President Donald Trump told CNBC on Thursday he is "willing to shift more" on his border security and DACA demands if that's what is required to reach an immigration deal that will pass Congress in February.
This includes supporting a path to citizenship for approximately 1.8 million undocumented young people who were brought to the U.S. as children and are eligible for Obama-era DACA protections against deportation, NBC News reported.
"We're going to solve the DACA problem," Trump told CNBC's "Squawk Box" in an interview from Davos, Switzerland.
Trump said he believes that a core group of congressional Republicans who have been advising him on immigration would be willing to shift their positions, too.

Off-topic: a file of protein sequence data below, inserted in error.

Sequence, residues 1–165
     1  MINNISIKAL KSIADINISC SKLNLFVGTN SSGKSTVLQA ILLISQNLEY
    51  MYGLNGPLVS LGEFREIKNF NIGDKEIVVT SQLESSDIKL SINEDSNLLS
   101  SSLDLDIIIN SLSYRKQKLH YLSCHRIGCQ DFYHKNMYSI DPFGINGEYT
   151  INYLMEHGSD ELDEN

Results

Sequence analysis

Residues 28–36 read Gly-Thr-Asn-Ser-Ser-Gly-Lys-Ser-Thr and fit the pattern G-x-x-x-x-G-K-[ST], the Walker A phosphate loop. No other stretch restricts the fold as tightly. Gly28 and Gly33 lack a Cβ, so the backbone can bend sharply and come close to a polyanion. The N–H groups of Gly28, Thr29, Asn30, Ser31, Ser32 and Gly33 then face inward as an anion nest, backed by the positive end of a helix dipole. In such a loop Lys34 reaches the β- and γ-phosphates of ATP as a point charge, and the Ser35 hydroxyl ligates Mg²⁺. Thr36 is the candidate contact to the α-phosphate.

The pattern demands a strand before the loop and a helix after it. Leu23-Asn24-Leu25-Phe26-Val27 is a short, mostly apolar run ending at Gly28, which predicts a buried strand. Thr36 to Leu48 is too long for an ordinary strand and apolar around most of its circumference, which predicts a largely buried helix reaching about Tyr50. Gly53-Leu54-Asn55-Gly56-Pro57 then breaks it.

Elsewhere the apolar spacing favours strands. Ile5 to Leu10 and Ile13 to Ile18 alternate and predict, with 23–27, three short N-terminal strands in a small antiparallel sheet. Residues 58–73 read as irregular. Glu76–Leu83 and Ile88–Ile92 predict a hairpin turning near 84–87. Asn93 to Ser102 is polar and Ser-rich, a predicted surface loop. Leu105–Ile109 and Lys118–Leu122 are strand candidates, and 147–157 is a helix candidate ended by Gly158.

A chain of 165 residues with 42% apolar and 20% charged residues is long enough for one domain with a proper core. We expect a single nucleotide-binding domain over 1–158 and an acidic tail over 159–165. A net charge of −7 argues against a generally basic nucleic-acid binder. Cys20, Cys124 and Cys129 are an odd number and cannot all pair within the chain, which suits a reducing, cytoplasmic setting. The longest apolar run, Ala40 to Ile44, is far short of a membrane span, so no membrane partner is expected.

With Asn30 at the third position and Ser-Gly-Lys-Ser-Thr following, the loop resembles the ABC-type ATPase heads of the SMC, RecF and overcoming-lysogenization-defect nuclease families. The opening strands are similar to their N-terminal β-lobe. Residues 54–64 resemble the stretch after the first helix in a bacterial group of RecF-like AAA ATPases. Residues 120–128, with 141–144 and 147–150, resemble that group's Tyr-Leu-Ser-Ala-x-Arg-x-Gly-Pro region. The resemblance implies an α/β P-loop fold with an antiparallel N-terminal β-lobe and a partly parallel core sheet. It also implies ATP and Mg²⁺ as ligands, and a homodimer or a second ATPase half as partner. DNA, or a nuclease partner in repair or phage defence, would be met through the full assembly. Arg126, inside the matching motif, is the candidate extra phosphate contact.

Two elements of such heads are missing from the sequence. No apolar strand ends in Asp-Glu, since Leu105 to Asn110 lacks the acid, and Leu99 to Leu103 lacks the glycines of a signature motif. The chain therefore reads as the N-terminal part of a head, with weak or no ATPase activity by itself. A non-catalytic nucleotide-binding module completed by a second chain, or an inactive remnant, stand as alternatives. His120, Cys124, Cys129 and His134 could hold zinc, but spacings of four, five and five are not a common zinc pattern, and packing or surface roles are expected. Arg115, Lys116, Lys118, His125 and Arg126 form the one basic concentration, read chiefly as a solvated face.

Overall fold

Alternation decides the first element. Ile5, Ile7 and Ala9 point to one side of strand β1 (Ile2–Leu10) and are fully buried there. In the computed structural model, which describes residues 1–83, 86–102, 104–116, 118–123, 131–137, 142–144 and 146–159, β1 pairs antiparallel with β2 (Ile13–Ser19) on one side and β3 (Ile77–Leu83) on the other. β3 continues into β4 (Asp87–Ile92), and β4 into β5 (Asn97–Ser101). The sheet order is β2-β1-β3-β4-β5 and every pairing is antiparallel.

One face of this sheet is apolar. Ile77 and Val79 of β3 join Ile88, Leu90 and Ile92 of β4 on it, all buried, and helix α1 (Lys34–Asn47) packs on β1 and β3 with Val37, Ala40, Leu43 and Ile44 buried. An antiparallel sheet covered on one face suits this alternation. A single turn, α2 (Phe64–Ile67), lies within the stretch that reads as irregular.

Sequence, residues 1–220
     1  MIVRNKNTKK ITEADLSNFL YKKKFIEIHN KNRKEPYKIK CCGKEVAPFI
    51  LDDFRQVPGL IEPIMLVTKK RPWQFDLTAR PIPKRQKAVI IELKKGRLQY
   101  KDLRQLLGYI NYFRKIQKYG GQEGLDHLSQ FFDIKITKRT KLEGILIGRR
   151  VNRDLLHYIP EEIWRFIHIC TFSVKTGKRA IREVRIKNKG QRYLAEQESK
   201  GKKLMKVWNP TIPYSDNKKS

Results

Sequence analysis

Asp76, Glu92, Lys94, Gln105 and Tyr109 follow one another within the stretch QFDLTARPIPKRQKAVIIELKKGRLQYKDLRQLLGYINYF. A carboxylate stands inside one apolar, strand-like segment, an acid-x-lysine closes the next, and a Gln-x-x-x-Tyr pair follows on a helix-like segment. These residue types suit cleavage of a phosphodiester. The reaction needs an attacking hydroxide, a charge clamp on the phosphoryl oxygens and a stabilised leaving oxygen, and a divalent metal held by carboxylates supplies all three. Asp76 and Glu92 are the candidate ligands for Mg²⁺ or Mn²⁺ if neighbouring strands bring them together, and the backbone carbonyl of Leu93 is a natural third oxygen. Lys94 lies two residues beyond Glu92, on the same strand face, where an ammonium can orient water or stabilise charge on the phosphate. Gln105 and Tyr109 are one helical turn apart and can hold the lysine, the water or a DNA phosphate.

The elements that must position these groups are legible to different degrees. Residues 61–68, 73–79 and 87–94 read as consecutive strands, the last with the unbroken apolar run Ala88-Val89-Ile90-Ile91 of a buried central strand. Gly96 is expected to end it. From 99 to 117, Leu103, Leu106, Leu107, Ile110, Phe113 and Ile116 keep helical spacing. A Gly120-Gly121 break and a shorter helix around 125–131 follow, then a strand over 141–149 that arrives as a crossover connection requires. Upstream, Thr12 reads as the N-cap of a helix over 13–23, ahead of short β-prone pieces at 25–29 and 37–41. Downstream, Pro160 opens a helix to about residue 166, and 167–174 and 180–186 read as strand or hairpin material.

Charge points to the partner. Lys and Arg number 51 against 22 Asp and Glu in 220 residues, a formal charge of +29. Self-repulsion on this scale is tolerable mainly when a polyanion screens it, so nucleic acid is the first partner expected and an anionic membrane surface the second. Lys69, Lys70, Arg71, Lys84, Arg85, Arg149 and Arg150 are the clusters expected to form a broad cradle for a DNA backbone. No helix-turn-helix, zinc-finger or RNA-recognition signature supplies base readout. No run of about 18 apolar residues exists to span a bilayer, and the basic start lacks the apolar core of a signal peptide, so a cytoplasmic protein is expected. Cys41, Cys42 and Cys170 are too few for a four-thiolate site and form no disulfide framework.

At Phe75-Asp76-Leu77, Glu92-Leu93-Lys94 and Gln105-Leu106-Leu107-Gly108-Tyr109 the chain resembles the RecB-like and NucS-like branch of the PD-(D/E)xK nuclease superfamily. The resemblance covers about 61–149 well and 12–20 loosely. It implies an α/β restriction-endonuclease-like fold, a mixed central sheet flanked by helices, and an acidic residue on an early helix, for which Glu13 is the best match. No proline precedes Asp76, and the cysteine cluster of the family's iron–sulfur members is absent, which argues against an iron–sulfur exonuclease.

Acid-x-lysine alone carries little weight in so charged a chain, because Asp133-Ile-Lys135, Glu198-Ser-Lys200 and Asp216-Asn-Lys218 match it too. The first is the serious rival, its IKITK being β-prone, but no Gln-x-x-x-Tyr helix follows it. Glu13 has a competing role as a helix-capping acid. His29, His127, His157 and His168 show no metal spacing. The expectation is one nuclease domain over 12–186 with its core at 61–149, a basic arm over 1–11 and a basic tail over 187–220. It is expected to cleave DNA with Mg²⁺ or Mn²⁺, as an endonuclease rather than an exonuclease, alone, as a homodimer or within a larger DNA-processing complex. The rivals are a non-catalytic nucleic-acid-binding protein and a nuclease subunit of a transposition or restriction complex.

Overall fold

"I think Cotton and Perdue and Goodlatte and the people that I've been dealing with — Cornyn, so many of the people — these are great people. These are people that really have shifted a lot. ... And I think they're willing to shift more, and so am I," Trump said, referring to Rep. Bob Goodlatte of Virginia and Sens. Tom Cotton of Arkansas, David Perdue of Georgia and John Cornyn of Texas.
"These are people that have very strong opinions on DACA and on immigration generally, and I happen to think they're largely right," Trump said in the interview with CNBC's Joe Kernen. Asked whether these lawmakers would agree to back a path to citizenship for DACA-eligible young people, Trump sounded optimistic. "If we make the right deal, I think they will," he said.